China reportedly halts research on gene-edited babies

China reportedly halts research on gene-edited babies

China reportedly halts research on gene-edited babies

A Chinese scientist who stoked criticism over his claim that he had created the world's first genetically-edited babies faced mounting pressure Thursday as China ordered a halt to his scientific activities and warned he may have broken the law.

China's Science and Technology Department says his research, if true, is banned in China and deserves severe punishment.

Mr He, a researcher at the Southern University of Science and Technology in the city of Shenzhen, said the woman had given birth to twin girls, known as Lulu and Nana.

The university where He works also distanced itself - saying he had been on unpaid leave since February - and called his claims a "serious violation of academic ethics and norms".

"I feel more disturbed now", said David Liu of Harvard and MIT's Broad Institute, and inventor of a variation of the gene-editing tool.

Dr Baltimore said he didn't think that was medically necessary and that the conference committee would meet and issue a statement on Thursday about the future of the field.

The second pregnancy is in a very early stage and needs more time to be monitored to see if it will last, He said.

The case prompted a heated debate among the scientific community, with many raising concerns over the lack of verified data and the risks of exposing healthy embryos to gene editing. He said his research has been submitted to a scientific journal for review, without naming the publication, and apologized for the result leaking "unexpectedly".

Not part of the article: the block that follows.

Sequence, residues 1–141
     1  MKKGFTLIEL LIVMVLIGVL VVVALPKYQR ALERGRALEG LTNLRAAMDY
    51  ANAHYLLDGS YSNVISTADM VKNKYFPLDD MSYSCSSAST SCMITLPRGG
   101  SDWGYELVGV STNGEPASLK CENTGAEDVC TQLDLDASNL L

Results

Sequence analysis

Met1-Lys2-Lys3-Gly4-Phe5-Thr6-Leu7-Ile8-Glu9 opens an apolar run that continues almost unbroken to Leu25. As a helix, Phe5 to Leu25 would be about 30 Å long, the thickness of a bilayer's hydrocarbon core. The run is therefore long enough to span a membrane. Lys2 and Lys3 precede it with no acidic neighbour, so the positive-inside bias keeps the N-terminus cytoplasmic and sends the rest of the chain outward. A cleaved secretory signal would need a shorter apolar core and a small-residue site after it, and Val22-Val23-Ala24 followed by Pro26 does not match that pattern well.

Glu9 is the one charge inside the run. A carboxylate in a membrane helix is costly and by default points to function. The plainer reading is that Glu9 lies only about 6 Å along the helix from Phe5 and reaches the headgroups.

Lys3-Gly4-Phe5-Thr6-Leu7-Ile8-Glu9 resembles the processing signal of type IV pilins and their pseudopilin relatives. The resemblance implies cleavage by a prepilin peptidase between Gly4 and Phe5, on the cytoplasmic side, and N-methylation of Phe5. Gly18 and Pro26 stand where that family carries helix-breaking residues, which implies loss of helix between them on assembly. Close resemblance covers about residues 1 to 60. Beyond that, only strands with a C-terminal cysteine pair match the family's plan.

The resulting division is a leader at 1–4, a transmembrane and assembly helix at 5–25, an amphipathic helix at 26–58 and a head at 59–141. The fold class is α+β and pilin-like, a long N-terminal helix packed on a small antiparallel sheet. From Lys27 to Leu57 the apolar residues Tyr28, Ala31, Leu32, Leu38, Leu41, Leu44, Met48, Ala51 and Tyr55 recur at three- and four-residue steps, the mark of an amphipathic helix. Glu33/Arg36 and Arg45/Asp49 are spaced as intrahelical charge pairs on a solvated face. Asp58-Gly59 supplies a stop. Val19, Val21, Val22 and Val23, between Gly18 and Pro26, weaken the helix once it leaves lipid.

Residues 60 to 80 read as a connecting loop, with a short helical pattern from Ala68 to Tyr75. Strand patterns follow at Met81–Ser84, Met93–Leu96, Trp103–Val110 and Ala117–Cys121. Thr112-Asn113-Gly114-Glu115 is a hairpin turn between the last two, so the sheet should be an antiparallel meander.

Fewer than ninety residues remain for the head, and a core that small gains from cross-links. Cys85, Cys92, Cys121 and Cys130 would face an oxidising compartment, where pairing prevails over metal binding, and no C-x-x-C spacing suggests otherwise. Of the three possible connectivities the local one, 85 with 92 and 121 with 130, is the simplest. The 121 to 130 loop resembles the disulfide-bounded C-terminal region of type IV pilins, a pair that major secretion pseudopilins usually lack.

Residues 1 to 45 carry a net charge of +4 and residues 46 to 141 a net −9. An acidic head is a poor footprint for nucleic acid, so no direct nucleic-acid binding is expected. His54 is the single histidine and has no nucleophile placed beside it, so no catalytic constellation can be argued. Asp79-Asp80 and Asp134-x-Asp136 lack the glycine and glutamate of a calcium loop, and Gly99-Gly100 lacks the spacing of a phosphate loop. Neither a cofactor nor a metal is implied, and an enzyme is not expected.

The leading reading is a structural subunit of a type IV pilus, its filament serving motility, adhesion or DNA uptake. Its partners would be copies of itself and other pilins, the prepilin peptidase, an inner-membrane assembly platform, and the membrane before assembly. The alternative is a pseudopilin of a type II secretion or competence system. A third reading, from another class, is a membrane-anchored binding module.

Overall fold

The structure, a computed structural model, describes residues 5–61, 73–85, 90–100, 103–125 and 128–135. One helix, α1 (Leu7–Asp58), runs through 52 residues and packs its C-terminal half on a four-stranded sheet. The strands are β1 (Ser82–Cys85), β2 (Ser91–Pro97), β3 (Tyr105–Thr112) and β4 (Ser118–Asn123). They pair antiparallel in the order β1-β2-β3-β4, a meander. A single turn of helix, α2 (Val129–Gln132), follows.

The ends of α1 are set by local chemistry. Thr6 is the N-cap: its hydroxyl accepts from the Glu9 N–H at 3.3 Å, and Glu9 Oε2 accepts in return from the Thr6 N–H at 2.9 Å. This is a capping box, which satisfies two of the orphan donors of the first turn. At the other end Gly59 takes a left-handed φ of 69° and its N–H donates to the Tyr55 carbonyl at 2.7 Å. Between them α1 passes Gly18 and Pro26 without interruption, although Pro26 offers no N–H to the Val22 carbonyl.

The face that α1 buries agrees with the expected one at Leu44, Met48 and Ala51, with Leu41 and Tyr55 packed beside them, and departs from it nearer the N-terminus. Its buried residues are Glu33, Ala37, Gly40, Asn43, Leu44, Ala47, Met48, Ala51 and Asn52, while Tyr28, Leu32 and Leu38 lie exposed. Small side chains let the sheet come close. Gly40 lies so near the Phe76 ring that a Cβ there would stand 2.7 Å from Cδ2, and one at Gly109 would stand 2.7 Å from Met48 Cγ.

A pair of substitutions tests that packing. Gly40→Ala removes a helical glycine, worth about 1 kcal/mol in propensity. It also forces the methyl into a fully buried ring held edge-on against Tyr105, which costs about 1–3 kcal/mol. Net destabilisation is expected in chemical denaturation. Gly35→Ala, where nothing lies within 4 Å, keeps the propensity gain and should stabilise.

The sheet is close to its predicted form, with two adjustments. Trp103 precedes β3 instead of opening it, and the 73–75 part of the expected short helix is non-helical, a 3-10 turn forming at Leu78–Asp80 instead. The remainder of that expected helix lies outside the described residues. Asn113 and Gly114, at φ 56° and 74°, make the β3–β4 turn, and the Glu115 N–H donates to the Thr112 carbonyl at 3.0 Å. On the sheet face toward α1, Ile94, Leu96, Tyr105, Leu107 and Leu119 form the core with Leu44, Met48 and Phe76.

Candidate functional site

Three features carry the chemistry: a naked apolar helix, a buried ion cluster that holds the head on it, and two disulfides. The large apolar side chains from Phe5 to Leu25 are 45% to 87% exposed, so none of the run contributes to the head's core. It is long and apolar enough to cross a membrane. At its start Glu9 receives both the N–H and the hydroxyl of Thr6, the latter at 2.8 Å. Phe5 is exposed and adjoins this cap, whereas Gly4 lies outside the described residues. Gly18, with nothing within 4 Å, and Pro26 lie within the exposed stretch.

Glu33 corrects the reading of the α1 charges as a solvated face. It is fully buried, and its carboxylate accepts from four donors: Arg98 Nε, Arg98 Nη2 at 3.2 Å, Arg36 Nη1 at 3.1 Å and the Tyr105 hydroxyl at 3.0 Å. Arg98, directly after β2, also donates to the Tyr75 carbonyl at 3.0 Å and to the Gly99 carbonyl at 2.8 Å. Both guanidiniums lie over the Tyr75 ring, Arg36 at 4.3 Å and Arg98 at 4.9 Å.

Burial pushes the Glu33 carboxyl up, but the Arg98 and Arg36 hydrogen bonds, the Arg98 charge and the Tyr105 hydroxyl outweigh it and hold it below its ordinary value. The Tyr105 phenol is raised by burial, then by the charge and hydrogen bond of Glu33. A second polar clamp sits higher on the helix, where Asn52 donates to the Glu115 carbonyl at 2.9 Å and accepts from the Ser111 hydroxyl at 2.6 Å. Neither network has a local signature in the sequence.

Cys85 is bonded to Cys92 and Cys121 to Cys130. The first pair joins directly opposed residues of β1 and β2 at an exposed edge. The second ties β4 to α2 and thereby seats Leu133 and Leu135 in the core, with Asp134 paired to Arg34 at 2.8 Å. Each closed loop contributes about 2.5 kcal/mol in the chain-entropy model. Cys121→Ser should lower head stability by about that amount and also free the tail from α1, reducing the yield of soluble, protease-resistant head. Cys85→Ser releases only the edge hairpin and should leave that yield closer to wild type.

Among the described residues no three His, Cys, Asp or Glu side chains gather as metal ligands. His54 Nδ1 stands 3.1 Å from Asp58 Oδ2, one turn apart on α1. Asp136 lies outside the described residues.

He Jiankui - the Shenzhen-based scientist who shocked the world this week by claiming he had altered the genes of the embryos to make them resistant to HIV - said the study is on hold. All of the men had HIV and he wanted to try to protect the babies from it.

He explained that eight couples - comprised of HIV-positive fathers and HIV-negative mothers - had signed up voluntarily for the experiment; one couple later dropped out.

On Tuesday, China ordered a "thorough investigation" into the project, but as the Associated Press is reporting today, the government has now taken the added step of shutting down the work until further notice.

The conference moderator, Robin Lovell-Badge, said the summit organisers were unaware of the story until it broke this week.

The Stanford-educated researcher said the twins' DNA was modified using CRISPR, a technique which allows scientists to remove and replace a strand with pinpoint precision.

The union said the scientific and technological circles of China would, as always, stick to scientific and academic ethics and related global rules, and promote social development and human progress through innovative scientific research.

The scientists at the conference pressed He to prove that the couples taking part in the research were aware of all the risks involved. Deem said that comparing the gene editing to a vaccine "might be a layman's way of describing it", according to the AP. Both cause tremendous suffering, are hard to treat effectively, and in rare cases are certain to be passed to any biological children, says Harvard Medical School Dean George Daley, a stem cell scientist.

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